Crop rotation is a universal management practice that has been recognized and exploited for centuries and is a proven process that increases crop yields (Bhowmik and Doll, 1982; Fahad et al., 1982; Baird and Benard, 1984; Dabney et al., 1988; Peterson and Varvel, 1989). Biennial rotation of two summer crops often improves the yield of both crops. In the Midwestern U.S., a biennial rotation of corn (Zea mays L.) and soybean [Glycine max (L.) Merr.] produced significant increases in the yields of both crops (Crookston and Kurle, 1989; Meese et al., 1991). Crookston et al. (1988) concluded that the rotation effect is not due to some lingering positive effect of the previous crop. Rather, a rotated crop apparently serves to relieve the negative effect of continuous cropping, and does not make any positive, growth-regulatory contribution to the yield of a following crop. This paper summarizes some of the recent crop rotation data collected in Wisconsin.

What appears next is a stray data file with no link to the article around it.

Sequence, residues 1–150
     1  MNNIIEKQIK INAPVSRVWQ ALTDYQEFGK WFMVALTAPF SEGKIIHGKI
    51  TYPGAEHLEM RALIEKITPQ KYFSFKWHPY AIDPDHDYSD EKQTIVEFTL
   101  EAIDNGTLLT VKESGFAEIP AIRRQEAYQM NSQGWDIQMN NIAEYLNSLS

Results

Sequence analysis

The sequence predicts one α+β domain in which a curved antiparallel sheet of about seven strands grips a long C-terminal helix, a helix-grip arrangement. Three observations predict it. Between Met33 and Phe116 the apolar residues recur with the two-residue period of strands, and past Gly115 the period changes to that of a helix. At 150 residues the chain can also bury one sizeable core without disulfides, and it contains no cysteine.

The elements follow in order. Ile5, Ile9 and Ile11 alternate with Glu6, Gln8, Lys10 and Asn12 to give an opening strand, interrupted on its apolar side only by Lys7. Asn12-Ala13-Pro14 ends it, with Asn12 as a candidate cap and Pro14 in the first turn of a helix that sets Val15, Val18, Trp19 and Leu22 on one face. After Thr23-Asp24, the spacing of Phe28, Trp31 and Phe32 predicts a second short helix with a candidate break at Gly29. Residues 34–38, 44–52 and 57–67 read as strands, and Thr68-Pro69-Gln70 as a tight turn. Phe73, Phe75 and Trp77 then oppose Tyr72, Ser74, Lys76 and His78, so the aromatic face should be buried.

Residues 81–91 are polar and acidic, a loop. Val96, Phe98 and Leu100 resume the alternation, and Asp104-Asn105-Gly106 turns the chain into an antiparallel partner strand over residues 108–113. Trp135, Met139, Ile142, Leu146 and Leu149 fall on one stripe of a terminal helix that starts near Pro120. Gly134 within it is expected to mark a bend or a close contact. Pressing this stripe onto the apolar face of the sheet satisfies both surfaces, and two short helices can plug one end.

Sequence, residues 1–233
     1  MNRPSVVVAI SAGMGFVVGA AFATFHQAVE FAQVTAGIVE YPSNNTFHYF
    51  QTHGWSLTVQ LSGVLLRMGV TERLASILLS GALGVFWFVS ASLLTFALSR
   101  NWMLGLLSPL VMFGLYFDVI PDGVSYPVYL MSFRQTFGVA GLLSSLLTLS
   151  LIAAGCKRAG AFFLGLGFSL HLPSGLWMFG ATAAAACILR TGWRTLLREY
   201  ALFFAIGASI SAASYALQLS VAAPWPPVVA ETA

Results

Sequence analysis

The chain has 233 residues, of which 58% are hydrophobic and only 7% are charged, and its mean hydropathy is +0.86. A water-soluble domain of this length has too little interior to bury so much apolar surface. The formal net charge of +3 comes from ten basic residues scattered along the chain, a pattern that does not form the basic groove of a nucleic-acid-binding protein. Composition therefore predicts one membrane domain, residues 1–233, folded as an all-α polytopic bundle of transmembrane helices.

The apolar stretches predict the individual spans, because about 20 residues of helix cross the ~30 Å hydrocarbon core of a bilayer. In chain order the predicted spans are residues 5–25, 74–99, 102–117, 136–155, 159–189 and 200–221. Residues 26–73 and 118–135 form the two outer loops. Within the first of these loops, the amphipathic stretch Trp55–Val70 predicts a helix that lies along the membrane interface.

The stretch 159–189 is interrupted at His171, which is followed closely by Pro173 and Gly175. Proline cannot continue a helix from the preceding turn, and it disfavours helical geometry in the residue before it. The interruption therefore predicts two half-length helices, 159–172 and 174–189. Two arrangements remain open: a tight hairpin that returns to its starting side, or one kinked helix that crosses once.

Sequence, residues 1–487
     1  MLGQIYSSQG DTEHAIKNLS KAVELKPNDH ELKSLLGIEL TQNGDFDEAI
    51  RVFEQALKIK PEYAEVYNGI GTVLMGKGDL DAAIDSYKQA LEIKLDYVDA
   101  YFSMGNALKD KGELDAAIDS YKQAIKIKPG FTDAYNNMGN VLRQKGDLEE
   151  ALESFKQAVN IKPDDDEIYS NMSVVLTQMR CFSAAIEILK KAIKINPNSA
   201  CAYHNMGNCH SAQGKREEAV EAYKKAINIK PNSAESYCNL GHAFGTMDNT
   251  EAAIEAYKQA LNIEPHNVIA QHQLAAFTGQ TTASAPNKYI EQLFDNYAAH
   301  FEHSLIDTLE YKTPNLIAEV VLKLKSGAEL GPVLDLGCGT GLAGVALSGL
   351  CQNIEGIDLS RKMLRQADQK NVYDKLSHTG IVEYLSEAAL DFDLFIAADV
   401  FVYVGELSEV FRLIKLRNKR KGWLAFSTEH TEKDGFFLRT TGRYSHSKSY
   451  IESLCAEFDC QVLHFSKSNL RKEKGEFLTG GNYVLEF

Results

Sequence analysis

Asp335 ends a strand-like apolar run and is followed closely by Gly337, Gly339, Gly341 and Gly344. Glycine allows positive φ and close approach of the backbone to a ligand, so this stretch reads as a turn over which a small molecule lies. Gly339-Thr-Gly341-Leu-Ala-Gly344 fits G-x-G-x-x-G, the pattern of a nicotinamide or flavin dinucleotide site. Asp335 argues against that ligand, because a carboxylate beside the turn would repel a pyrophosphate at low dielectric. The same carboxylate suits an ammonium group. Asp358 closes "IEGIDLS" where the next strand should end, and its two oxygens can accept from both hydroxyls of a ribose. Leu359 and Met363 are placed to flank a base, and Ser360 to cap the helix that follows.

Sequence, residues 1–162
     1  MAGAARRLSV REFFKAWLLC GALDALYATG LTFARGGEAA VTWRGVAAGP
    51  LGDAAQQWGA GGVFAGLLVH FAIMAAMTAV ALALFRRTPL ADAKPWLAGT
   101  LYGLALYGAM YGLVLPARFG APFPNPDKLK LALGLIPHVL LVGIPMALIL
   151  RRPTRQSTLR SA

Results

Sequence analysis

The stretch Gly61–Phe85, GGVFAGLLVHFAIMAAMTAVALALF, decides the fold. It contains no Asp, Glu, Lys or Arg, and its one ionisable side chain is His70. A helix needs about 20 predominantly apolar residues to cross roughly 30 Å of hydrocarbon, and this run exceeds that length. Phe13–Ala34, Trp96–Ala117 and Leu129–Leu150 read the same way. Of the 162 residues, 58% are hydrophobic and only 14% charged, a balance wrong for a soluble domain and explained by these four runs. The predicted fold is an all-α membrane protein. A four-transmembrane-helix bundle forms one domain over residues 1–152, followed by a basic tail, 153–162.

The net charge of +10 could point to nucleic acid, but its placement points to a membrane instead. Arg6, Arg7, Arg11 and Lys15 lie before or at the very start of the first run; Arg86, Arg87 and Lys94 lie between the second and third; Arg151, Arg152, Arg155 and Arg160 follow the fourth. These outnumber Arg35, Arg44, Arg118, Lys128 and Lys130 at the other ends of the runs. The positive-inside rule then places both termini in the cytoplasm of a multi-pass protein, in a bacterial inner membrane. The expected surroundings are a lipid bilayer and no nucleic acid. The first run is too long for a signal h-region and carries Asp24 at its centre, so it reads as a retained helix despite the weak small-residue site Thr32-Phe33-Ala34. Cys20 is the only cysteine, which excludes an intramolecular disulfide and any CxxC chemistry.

Soil Science Extension
University of Wisconsin Madison